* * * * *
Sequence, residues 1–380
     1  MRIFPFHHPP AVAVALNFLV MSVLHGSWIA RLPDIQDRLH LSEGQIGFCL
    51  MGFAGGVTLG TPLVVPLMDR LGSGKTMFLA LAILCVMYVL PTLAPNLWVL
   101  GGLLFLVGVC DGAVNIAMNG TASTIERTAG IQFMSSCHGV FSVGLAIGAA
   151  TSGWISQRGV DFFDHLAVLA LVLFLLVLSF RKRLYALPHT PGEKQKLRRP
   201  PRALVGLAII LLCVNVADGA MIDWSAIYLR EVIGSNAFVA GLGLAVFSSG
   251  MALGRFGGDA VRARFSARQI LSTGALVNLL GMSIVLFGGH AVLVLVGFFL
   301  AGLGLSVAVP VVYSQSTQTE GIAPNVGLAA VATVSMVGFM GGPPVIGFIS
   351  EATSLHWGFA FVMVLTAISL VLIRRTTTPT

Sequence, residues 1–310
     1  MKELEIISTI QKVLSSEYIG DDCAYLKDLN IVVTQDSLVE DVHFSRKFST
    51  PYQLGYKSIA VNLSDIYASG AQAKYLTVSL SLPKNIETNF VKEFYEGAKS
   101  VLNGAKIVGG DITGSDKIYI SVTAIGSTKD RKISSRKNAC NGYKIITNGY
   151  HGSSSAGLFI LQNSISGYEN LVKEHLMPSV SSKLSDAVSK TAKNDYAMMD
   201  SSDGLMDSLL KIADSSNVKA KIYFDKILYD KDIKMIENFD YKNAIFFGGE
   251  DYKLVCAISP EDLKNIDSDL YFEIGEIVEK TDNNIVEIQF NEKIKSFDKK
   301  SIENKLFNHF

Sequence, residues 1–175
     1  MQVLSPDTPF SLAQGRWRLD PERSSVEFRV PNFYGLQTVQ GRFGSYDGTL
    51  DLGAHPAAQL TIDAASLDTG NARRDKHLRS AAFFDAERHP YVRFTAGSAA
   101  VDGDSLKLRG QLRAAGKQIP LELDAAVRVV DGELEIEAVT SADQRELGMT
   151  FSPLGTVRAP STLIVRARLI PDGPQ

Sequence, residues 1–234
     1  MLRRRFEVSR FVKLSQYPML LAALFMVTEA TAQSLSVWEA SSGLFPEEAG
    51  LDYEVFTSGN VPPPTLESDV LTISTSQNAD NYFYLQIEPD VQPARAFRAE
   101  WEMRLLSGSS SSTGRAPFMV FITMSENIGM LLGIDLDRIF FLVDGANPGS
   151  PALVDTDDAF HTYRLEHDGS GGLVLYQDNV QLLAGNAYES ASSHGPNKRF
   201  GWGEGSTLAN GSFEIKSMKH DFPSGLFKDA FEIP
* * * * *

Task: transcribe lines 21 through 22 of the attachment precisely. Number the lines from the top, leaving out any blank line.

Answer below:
   101  VDGDSLKLRG QLRAAGKQIP LELDAAVRVV DGELEIEAVT SADQRELGMT
   151  FSPLGTVRAP STLIVRARLI PDGPQ